The Sidekicks will work to become a presence in the community like they were in the past, Davis said. Sidekicks soccer camps are among the memories of a generation of young men and women who grew up in the area.

Coaches and players always had time to chat with fans and fulfill autograph requests, said Bartlebaugh, who would often run into former coach Gordon Jago at the supermarket.

The team’s affability and gratitude toward fans scored goals in many hearts throughout the years, supporters said.

“It truly became a family,” Balthrop said. “That is what I’m really looking forward to, seeing the family coming back together again.”

Neighborsgo reporter Julieta Chiquillo can be reached at 469-330-5671.


Tatu means armadillo in Portuguese. The Brazilian native and Sidekicks coach, whose full name is Antonio Carlos Pecorari, inherited the nickname from his father.

The former Sidekicks forward endeared himself to fans by throwing his jersey to the audience each time he scored a goal.

In Brazil, soccer players traditionally go by their first name or a childhood moniker. These include legends Ronaldo, Ronaldinho and Pelé, who is widely considered among the best soccer players of all time.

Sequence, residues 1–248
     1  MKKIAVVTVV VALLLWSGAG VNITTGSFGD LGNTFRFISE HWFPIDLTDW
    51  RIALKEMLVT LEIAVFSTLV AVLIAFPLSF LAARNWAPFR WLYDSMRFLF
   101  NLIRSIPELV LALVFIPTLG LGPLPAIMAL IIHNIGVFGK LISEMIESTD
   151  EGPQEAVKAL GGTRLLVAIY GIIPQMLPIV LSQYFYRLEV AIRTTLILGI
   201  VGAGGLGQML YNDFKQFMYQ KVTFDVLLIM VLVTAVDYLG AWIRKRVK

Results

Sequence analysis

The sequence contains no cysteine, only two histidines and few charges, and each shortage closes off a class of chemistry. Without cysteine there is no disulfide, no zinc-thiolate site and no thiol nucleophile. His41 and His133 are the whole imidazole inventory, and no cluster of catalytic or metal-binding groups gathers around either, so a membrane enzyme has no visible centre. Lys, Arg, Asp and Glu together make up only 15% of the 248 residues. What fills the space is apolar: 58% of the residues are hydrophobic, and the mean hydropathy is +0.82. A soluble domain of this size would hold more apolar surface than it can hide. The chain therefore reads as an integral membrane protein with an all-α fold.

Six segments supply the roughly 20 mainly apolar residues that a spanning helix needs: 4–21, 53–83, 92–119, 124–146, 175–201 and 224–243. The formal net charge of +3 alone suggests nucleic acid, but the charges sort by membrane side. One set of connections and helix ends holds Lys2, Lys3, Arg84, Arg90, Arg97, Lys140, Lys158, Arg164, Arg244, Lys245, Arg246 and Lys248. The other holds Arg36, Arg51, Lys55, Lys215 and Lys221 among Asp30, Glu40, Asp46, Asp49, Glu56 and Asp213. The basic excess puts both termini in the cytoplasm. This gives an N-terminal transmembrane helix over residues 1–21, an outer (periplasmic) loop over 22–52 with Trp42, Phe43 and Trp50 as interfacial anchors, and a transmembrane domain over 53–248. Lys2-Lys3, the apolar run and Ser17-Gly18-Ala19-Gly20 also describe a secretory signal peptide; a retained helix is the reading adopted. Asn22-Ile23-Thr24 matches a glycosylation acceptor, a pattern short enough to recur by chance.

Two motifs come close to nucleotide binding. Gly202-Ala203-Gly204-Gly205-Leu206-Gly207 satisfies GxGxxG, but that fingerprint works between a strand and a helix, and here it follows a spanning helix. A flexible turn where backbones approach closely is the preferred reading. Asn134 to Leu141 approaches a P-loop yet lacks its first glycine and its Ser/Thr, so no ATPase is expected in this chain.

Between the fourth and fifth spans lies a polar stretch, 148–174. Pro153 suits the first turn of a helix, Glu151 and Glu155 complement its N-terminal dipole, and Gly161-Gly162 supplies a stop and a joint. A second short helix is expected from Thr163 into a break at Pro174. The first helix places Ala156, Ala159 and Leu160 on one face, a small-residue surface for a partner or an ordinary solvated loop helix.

Tuesday, May 1, 2012

Romney and Obama : Where They Stand on My Issues

Let's take a close look at where Republican Presidential Candidate Gov. Mitt Romney and Democratic President Barack Obama stand on National Issues that I feel are important and which I could actually confirm as positions.

Given the track record of both these men over the past four years, I will take any bet that both will flip-flop before November Election. Please keep in mind that I am opinionated, but factual in this report on My Presidential Issues for 2012.